Problem Statement

  1. Salmonella has been implicated in outbreaks and/or recalls in numerous low-moisture foods and ingredients, including almonds, pistachios, peanut products, hazelnuts, pecans, pet food, cake batter mix, and other dry ingredients, including soy products, black pepper, and dried hydrolyzed vegetable protein (HVP).
  2. Hygiene and sanitation practices are insufficient to alone ensure product safety; therefore, processing interventions are an emerging imperative to reduce the risk of Salmonella in low-moisture products. 
  3. Food Safety Modernization Act (FSMA) Preventive Controls rules will mandate that the food industry implement and validate interventions to prevent or control identified hazards, such as Salmonella in low-moisture products.
  4. No single technology will provide a universal solution acceptable for all types of low-moisture products or processors.
  5. There is an entire category of currently-operating “legacy technologies” that were not designed as “kill steps” (e.g., roasting, baking, and drying), but which now must be validated for this purpose (including appropriate controls and monitoring systems)
  6. Although general guidance about controlling Salmonella in low-moisture products and validating thermal processes is available, prior reports do not address specific challenges associated with technology selection, technology improvement, or application of product- or process-specific inactivation data or models.  
This proposed project is aimed at meeting this critical and urgent need via highly integrated and collaborative research, training, and education activities focused on improving the development and implementation of pasteurization technologies for low-moisture products.

Overall Goal

To enhance the development, improvement, and commercial adoption of pasteurization technologies for low-moisture foods, considering efficacy, product quality, regulatory requirements, energy use, and suitability for the target end-users.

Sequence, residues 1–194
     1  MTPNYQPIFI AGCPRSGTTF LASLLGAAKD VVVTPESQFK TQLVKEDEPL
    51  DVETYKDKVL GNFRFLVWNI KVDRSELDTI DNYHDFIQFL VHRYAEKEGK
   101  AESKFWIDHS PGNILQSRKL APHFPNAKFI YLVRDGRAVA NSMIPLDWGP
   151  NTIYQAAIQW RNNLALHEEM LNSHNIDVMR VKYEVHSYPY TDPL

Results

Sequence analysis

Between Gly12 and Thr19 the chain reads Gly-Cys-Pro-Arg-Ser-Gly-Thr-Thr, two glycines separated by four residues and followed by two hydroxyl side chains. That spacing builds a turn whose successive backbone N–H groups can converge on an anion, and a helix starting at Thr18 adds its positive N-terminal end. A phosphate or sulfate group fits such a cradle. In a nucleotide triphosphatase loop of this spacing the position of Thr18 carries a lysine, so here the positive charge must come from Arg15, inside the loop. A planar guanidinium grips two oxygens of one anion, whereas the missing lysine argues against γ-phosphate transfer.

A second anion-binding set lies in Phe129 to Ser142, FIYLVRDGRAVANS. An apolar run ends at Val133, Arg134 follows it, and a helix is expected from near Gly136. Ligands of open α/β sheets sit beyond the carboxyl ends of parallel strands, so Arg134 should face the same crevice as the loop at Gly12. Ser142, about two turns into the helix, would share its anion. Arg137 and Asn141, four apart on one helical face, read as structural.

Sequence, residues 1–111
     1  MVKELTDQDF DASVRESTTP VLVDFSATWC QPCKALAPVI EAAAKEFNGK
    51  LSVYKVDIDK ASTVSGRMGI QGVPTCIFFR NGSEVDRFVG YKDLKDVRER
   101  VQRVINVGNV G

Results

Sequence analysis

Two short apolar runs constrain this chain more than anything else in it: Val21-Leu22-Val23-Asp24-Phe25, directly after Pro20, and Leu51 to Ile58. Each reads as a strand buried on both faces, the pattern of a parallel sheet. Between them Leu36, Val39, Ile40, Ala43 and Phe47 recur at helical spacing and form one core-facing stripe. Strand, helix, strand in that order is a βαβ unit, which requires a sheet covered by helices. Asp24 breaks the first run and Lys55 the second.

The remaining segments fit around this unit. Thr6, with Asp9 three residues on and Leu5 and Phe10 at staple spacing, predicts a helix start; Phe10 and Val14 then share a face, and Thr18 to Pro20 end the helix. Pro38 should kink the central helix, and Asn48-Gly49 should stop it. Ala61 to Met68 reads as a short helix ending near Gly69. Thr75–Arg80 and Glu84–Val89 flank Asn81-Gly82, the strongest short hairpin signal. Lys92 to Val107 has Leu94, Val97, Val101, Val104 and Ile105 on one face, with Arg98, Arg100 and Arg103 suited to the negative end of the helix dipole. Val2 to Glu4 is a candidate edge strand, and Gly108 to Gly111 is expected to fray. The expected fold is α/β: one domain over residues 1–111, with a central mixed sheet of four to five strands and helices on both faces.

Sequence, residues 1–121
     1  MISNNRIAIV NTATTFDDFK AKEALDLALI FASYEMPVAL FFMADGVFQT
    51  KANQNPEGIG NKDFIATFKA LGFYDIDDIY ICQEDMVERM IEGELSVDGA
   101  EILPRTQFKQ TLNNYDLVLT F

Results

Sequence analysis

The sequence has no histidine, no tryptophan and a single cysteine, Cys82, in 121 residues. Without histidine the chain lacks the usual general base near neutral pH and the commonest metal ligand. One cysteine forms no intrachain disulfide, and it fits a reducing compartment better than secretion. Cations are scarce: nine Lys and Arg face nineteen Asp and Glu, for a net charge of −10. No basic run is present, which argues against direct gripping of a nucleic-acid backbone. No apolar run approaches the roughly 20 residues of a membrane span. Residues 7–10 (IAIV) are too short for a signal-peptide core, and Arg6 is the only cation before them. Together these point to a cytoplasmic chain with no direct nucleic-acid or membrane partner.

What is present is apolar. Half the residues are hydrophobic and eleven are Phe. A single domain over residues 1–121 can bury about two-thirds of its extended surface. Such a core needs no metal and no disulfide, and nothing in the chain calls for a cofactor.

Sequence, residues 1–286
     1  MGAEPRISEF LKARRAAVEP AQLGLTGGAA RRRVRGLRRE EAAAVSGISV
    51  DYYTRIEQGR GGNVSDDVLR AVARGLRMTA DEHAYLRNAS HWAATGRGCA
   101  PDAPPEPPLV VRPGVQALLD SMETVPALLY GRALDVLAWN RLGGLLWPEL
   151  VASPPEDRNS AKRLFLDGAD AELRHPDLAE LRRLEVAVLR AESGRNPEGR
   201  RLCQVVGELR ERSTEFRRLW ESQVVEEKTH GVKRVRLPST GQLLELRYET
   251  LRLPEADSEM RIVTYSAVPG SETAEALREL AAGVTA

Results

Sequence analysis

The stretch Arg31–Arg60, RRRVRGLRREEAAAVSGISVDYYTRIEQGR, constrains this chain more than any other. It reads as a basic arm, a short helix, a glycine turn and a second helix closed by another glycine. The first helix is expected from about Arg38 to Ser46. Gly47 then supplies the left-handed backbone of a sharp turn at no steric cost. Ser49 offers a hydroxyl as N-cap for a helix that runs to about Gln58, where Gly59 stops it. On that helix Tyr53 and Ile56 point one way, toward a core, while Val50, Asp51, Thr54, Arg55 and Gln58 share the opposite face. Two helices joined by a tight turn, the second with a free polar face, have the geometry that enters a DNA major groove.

Specific Objectives

  1. Develop standardized protocols for evaluation/validation of low-moisture pasteurization technologies (e.g., mapping temperature distributions, quantifying process variability, and selecting/preparing/utilizing a non-pathogenic surrogate).
  2. Conduct an extensive battery of inoculated challenge studies with representative products treated by multiple process technologies (e.g., steam, radio-frequency, extrusion, drying, gas), including pilot-scale trials in multiple Biosafety Level-2(3) pilot plants, to quantify process characteristics (e.g., efficacy, variability) and to establish “safe harbors.”
  3. Develop and evaluate improvements of key existing thermal processes previously designed to achieve quality outcomes, but not necessarily pasteurization outcomes (e.g., dryers, baking ovens, roasters), in order to enable implementation of low-cost food safety solutions, particularly for small and medium-sized processors.
  4. Develop, implement, and assess multiple outreach, training, and service resources aimed at technology developers, end-users, and validation professionals, including:
    1. A multi-criteria technology comparison tool.
    2. Sustainable professional training programs, including annual workshops, webinars, and FSMA standardized curriculum modules.
    3. A multi-location “Validation Center” that will provide long-term support (validations and on-site training) for equipment companies and processors of low-moisture foods.
  5. Develop, test, disseminate, and assess online, graduate-level learning modules focused on low-moisture food safety, pasteurization technologies, and process validation methodologies.